It’s common knowledge that human activity has been causing changes to our planet and has now reached proportions that threaten our environment and our survival. We know it and we can feel it. Our planet has deteriorated because of the continuous growth of industrial activities that aren’t just driving global temperatures higher, but are now causing powerful earthquakes too.
It’s bad enough knowing the negative impact we are causing. Now, it’s even worse because for the first time in history, the effect of human activity on the earth has just been quantified. And the numbers show that we are ‘causing climate to change 170 times faster than natural forces.’
Through the collaborative effort of Will Steffen, a scientist from the Australian National University’s Climate Change Institute, and Owen Gaffney from the Stockholm Resilience Centre, we now have a mathematical formula showing exactly how much human activity is affecting our climate compared with natural forces like volcanic eruptions, changes in planetary orbit and changes in solar intensity. Steffen and Gaffney have labelled their newly developed formula as the Anthropocene Equation. Anthropocene is the term that’s being proposed to reflect how human activity is reshaping the environment.
As Gaffney explained in New Scientist, they devised the equation by ‘homing in on the rate of change of Earth’s life support system: the atmosphere, oceans, forests and wetlands, waterways and ice sheets and fabulous diversity of life.’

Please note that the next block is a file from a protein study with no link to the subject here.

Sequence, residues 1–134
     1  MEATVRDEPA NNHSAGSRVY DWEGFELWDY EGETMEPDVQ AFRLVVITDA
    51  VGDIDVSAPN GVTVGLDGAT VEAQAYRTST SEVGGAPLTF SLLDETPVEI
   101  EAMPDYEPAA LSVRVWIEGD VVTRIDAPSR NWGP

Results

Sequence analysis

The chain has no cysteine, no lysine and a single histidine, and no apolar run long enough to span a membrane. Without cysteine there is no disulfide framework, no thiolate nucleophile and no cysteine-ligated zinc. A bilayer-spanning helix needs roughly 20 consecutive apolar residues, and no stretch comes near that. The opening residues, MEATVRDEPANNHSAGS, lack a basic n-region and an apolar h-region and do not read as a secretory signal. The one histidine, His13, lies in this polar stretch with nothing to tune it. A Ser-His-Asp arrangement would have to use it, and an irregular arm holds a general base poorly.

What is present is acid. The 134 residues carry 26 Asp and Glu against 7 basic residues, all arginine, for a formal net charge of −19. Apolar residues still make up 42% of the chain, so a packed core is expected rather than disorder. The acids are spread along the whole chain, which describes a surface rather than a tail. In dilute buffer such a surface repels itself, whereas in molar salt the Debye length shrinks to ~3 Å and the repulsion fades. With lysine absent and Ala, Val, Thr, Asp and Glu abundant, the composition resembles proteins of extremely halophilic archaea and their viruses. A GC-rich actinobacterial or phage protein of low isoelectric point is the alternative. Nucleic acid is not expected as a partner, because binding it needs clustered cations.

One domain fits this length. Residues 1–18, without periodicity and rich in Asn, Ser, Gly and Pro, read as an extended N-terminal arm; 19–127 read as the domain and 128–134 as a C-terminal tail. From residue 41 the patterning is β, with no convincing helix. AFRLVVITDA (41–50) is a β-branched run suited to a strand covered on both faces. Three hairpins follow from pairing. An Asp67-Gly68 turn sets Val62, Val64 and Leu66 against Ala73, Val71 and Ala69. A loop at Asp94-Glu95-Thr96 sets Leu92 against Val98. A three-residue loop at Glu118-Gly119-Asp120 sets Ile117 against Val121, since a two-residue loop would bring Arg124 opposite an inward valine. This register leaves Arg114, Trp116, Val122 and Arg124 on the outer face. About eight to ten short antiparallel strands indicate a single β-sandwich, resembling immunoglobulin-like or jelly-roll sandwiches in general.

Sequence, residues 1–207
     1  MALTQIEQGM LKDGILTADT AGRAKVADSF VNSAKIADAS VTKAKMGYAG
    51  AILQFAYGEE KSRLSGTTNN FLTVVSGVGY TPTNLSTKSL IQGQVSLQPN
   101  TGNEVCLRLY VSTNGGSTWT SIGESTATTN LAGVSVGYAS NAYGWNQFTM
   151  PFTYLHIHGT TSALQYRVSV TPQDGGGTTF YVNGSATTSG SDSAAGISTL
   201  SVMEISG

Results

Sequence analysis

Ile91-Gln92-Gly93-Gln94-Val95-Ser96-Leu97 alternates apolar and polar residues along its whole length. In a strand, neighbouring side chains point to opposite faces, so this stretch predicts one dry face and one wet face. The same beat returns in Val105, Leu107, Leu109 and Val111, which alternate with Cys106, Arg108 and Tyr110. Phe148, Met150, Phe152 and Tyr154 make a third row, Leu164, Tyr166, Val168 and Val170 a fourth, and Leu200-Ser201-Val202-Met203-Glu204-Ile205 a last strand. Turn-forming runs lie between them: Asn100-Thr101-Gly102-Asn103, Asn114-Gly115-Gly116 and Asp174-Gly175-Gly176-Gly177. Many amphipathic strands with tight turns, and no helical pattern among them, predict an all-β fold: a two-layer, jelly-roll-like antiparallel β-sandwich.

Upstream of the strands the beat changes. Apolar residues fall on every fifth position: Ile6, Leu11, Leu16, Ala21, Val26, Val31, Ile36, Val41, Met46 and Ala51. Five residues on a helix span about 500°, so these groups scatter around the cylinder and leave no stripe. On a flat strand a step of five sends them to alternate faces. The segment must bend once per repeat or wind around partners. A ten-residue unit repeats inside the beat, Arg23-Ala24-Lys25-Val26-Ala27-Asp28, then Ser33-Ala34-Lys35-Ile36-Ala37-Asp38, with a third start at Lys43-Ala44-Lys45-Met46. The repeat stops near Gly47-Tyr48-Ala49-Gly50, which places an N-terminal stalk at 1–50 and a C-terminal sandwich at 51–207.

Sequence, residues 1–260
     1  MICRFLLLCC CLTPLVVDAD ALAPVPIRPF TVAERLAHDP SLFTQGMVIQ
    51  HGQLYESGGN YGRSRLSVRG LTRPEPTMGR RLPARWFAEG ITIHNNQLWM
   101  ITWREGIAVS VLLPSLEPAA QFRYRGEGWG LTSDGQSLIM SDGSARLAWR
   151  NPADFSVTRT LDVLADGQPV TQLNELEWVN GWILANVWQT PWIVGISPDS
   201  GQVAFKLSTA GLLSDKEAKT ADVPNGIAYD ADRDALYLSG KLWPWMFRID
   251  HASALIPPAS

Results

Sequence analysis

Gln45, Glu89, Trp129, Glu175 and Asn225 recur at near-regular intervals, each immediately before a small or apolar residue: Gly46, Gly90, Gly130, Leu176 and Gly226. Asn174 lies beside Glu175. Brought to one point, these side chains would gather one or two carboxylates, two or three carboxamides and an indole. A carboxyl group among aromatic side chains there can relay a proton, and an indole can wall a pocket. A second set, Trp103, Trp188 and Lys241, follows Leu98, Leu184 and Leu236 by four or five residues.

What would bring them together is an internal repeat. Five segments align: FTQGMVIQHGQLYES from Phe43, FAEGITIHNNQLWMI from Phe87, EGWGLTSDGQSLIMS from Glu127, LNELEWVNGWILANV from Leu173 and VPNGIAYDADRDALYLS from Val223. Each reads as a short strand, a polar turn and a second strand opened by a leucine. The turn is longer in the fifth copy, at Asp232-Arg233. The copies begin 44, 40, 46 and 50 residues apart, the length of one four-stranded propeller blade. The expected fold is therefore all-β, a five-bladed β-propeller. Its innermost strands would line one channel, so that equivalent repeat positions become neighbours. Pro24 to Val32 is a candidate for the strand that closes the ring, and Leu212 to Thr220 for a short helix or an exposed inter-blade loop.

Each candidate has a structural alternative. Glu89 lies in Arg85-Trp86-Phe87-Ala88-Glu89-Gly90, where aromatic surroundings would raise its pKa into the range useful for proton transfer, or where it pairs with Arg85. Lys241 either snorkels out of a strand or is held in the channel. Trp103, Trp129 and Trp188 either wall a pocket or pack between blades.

He stated that in the last 4 billion years, the Earth’s system changed due to the influence of astronomical forces, geophysical forces and internal dynamics. By internal dynamics, he was referring to factors like the Earth’s orbital parameters, interplanetary gravitational interactions, the sun’s heat output; and events like volcanic eruptions, colliding continents, and evolution among others. The change was minimal, though, because either natural forces seemed to cancel out each other (like a period of El Niño being balanced out by a period of La Niña), or planet-changing events happened quite rarely (like an asteroid hitting the planet).
Moving forward, the past 7,000 years (this time period was selected as reference because it is supposedly during this time when the first humans emerged) was still considered a stable period wherein global temperature changed ever so slightly, declining at the rate of 0.01 degrees Celsius per century.
In the last 45 years, however, temperature has not just been changing faster; it’s going in the opposite direction as well. It is now increasing at the rate of 1.7 degrees Celsius per century. And no other culprit can be blamed other than industrialization.
According to Steffen, there has been no natural event so far that even comes close to the impact of human activity, especially the burning of fossil fuels and continuous increase in greenhouse gas emissions. But, it doesn’t really come as a surprise, doesn’t it? Even without an equation telling us how badly we are affecting our planet, we’ve known for some time that we need to implement radical changes on a global scale. Otherwise, we might just be causing our own apocalypse.